Currency & payment methods – Swiss Franc (CHF). The Euro is accepted in many shops especially in the touristic areas. Most businesses now also accept credit and debit cards. Should you need to change currencies, banks are the cheapest as other agents usually take a higher markup. Also in the country of banks, you will have no problem to find an ATM should you need one. Note that some machines such as ticket machines in train stations would ask for a PIN Code when paying by card. Do check with your bank beforehand if you don’t have one.

Electricity & Connectivity – the electricity current is 220V, 50Hz. Swiss sockets are three-holed, hexagonally shaped and incompatible with many plugs from abroad. They usually, however, take the standard European two-pronged plug.
The Internet is widely available in hotels but also in various supermarkets, department stores (Manor) as well as in some public spaces. Be mindful however that trains don’t have any wi-fi but most train stations have free access.


Hotels – expect to find 3-stars hotels in the CHF 100-150 range. In cities such as Zurich, the price may be higher during the week. Ski resorts would also be more expensive between late December and early April. 4 and 5-star hotels may have special offers but would generally be around CHF 350. In general, 3-stars are more than enough as hotel rooms are very clean and comfortable. An alternative is also to go for Airbnb especially in large cities like Basel or Zurich. For the budget conscious, dorm beds in hostels come at around CHF 40-50 per night.

Food – eating out in restaurants is probably one of the most expensive things you will do over there. Expect to be pay CHF 15-30 for lunch and about CHF 50 for dinner. A big mac menu costs CHF 11.70. From that perspective, it is often worth to self-cater for dinner. Renting a flat with a kitchen may save you quite a bit of money. For breakfast, you will find many cafes serving various pastries and coffee for a reasonable price.

Museums and sightseeing – museums are reasonably priced but generally have special offers such as a free entry on Wednesdays or half-price after 5 pm. Do check their respective website.

Budget tips – tipping is never expected. However, people generally round up taxi rides to the next Franc. The local sales tax is the VAT and equals to maximum 7.7%. It can be refunded to Foreign Nationals for purchases above CHF 300.

Health & Safety

Switzerland has an excellent health care system. Your hotel can usually recommend a local doctor or the closest hospital. As treatment is expensive, it is advised to take on travel health insurance. Check your coverage if you intend to ski as repatriation may not be covered. In case of emergency, you can call 112.

Smoking is not allowed in closed spaces open to the public and that includes restaurants, hotels, cinemas, etc. There are however some variations depending on the Canton. As a rule of thumb, going outside is the best bet.

The country is generally very safe and violent crime is rather uncommon. Pickpocketing may still happen in larger cities.

Getting in & around

Airports – The 3 main airports are Zurich, Basel and Geneva. Unless you intend to focus on one region, it may be worth comparing the airfares and see which airport is the cheapest. After all, Geneva is only 3 hours away from Zurich by train. Airports are generally well connected to the city by train or bus.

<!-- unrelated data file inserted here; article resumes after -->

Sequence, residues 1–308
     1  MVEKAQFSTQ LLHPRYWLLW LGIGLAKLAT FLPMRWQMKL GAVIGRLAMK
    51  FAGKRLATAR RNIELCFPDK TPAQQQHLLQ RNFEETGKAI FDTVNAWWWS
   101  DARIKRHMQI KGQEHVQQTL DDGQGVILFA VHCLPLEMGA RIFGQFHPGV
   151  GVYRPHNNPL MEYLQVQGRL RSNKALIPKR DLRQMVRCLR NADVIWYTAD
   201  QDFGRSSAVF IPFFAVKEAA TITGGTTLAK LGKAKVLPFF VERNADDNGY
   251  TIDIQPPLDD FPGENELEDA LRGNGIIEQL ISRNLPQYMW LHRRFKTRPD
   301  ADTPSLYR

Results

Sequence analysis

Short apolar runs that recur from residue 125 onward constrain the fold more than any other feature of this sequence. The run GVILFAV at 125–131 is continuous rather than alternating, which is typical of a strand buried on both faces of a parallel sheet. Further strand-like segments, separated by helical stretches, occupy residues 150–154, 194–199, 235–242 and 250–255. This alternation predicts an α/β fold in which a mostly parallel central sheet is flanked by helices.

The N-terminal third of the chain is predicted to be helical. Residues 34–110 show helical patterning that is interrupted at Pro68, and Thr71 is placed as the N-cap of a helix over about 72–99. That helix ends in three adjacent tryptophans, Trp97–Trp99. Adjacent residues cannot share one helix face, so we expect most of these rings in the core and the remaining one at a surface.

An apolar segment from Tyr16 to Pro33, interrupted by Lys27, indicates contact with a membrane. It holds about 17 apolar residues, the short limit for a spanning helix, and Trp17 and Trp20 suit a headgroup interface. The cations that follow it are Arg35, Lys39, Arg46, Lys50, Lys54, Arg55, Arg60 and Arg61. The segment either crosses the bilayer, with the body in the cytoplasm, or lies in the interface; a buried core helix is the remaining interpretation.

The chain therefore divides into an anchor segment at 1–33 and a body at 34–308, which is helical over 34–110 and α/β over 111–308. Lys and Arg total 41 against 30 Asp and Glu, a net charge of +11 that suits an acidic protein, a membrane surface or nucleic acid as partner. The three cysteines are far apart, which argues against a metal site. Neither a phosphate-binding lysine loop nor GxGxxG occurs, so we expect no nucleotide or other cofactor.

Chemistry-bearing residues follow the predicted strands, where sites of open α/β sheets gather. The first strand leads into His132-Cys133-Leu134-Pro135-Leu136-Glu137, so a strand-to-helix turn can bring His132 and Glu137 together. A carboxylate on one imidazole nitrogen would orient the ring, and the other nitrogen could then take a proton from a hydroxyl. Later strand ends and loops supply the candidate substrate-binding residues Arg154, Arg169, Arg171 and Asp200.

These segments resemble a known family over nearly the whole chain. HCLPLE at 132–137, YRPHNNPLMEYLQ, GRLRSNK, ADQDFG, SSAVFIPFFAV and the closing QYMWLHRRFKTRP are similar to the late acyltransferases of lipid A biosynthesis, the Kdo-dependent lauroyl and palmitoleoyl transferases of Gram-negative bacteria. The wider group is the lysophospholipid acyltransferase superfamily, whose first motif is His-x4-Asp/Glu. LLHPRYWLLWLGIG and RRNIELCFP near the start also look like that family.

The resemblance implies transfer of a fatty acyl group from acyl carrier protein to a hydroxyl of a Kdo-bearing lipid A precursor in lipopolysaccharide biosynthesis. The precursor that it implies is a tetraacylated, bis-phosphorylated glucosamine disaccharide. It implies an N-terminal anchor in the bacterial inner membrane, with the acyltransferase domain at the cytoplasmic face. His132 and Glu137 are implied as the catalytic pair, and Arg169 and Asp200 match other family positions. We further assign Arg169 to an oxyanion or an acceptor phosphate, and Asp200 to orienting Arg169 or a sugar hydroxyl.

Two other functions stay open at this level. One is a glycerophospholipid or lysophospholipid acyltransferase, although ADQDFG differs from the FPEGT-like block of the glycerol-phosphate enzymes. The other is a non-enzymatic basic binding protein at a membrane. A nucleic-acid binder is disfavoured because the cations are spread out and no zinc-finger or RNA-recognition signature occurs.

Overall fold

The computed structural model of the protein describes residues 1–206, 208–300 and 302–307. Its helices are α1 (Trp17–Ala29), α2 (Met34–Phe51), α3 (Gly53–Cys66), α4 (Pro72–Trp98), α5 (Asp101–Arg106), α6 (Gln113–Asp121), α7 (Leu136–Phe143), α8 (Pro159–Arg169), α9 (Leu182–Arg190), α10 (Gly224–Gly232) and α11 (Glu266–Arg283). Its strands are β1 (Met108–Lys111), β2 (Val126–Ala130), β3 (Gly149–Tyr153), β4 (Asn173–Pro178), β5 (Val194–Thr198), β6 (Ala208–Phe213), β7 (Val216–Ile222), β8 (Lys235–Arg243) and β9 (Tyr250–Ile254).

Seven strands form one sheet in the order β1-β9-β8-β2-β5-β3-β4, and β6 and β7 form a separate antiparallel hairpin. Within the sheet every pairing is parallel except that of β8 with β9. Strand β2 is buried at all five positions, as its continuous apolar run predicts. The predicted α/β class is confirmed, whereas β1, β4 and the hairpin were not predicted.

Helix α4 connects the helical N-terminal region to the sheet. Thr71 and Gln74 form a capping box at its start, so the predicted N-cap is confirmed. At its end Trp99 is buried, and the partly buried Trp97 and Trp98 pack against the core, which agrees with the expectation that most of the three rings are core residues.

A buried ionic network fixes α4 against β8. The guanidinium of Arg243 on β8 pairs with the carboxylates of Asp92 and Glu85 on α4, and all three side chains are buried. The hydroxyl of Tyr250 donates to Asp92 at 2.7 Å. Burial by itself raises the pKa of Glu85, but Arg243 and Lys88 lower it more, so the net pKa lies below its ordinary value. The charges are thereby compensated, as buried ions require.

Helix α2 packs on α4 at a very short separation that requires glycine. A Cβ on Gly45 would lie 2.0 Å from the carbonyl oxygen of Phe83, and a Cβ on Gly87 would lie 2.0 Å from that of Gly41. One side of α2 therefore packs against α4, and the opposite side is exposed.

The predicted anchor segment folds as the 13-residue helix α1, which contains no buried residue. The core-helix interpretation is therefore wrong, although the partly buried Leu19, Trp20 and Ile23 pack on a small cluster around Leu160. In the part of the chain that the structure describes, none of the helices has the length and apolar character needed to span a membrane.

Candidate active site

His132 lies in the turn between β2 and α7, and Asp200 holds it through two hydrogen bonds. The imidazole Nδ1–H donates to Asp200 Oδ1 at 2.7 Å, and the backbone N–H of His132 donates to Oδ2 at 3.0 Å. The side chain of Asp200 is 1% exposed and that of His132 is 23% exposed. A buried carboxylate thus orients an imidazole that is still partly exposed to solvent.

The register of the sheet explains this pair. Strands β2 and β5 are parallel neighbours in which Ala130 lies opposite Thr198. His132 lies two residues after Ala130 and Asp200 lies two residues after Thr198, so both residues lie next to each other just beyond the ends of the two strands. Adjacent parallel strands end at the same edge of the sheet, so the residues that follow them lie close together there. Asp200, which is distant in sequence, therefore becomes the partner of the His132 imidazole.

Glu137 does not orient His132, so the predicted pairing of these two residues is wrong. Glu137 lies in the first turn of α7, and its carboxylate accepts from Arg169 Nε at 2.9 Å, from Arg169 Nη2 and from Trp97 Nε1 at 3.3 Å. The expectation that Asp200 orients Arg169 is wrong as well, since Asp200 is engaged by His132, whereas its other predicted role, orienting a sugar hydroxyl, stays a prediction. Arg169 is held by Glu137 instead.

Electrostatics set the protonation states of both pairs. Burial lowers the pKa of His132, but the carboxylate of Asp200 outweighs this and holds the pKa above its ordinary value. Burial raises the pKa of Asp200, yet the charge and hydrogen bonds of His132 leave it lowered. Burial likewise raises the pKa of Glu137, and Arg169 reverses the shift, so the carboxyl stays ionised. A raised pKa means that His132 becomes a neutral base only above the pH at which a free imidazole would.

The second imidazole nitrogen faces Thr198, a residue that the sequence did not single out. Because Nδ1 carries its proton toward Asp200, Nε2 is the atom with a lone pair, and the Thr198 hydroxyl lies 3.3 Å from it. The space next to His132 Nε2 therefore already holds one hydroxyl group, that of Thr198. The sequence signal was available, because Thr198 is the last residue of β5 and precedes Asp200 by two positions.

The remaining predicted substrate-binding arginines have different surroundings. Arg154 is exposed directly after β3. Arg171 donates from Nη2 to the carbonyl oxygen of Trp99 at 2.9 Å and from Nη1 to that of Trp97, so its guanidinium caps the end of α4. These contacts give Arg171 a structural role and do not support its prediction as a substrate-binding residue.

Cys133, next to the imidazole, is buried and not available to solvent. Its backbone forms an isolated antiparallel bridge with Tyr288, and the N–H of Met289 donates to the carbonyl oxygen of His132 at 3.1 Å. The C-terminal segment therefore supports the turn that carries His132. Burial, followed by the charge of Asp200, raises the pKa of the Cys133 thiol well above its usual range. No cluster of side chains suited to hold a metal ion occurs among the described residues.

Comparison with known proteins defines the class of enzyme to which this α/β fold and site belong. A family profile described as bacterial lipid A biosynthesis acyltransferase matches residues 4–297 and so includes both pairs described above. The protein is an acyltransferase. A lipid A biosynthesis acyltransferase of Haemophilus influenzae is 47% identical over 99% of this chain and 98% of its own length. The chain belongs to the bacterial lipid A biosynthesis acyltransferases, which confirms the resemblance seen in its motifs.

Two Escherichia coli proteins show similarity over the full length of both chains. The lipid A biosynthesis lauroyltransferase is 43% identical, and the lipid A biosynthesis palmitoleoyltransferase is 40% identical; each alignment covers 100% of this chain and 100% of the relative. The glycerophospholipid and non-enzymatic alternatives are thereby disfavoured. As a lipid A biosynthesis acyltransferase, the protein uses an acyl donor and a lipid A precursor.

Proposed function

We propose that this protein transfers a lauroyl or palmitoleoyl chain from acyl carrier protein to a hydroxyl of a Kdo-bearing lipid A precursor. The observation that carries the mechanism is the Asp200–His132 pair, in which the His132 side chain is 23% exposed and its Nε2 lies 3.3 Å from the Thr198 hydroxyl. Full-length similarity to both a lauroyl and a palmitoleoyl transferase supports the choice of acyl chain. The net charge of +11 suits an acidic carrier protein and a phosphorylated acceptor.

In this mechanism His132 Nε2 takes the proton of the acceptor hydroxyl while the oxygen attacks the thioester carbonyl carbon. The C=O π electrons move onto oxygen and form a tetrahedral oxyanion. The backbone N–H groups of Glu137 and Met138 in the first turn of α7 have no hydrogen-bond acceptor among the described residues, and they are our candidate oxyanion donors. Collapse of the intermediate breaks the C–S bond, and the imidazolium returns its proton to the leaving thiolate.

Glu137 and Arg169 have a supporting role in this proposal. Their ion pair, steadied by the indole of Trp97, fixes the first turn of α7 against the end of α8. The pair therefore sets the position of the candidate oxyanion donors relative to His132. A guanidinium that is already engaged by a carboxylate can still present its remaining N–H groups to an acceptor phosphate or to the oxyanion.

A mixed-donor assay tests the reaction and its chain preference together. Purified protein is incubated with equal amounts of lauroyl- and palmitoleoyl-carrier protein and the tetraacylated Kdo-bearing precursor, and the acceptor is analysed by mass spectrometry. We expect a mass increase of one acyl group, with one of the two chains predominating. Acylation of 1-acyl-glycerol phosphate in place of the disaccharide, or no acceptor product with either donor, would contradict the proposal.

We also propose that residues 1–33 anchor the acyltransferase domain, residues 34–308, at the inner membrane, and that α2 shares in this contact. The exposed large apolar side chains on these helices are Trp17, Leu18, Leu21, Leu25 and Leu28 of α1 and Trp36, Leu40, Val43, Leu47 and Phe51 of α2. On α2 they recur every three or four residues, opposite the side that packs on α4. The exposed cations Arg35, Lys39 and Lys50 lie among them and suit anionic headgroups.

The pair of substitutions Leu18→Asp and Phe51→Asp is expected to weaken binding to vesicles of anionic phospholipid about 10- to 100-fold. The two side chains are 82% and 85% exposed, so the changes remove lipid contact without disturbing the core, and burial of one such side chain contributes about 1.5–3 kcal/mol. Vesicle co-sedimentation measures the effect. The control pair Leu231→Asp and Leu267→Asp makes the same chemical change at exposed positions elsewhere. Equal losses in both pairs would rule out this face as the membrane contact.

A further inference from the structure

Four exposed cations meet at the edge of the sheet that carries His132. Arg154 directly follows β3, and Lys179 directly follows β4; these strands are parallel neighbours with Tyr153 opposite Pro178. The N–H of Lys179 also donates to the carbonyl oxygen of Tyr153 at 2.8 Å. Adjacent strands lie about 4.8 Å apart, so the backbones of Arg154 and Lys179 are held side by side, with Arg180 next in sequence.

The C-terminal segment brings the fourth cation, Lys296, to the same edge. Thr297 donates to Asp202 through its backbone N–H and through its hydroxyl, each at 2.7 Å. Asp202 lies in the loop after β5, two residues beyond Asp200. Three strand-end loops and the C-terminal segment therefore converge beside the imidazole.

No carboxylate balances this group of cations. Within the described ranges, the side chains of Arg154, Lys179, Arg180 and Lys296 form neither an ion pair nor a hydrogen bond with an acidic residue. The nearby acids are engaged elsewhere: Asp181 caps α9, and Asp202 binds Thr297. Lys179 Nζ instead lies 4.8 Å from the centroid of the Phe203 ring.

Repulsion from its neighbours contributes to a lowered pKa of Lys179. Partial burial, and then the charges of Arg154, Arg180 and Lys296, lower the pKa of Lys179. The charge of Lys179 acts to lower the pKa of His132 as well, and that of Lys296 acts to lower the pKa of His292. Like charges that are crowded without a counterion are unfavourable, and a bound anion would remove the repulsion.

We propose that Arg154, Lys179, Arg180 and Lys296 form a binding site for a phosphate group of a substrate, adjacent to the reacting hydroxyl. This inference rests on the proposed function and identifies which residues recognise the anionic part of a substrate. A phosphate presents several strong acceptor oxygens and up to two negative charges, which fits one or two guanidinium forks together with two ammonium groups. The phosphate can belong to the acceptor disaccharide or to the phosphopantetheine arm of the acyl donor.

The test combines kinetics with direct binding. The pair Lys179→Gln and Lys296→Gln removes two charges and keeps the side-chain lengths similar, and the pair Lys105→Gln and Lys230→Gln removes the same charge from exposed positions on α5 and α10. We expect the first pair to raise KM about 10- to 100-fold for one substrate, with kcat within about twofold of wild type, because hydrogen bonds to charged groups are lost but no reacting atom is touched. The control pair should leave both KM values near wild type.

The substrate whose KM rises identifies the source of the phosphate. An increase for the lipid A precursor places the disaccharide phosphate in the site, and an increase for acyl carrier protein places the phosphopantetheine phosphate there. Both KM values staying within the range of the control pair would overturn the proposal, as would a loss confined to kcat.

Train network – Switzerland has the densest network. It is absolutely not a problem to travel solely by train around the country. Most of the network belongs to state-owned SBB. Trains are in excellent condition and apart from a few mountain or regional trains, they are all air-conditioned. That being said, it can be expensive and may not be worth it should you travel with more than 1 person. In that case, renting a car may be a better deal. Various passes are available to foreigners and can be interesting if you intend to criss-cross the country. More info on http://www.swiss-pass.ch.

City networks – cities have all a network of buses or trams or a mix of both. Note that you usually receive a free city pass when you check in at hotels.

Driving – as mentioned above, it may be worth driving especially if there are 3 or more people on that trip. Roads are in excellent condition and there is a good expressway network. Should you drive from abroad, keep in mind that an expressway sticker must be bought at the price of CHF 40. It can be bought at post offices and gas stations.


Swiss gastronomy is unexpectedly varied. Cities have many gastronomic restaurants with international influence from neighbouring countries. Restaurants also change their menu depending on the season. However, Switzerland is also about traditional meals such as cheese fondue, roestis or raclette. The various regions also pride themselves on local dishes and hearty recipes. Last but not least, chocolate should not be forgotten! Try pralines and the traditional milk chocolate. Good addresses are http://www.spruengli.ch and http://www.laederach.com. However, simply going to your local supermarket will already give you plenty of choice without the high price tag.

Should you want to self-cater, the supermarket sector is split between the 2 local companies; Coop and Migros. Their prices are similar and you will find everything from gourmet food to their home budget range. For even cheaper food, the German Lidl and Aldi are also available in larger cities. Note that all shops are closed on Sundays!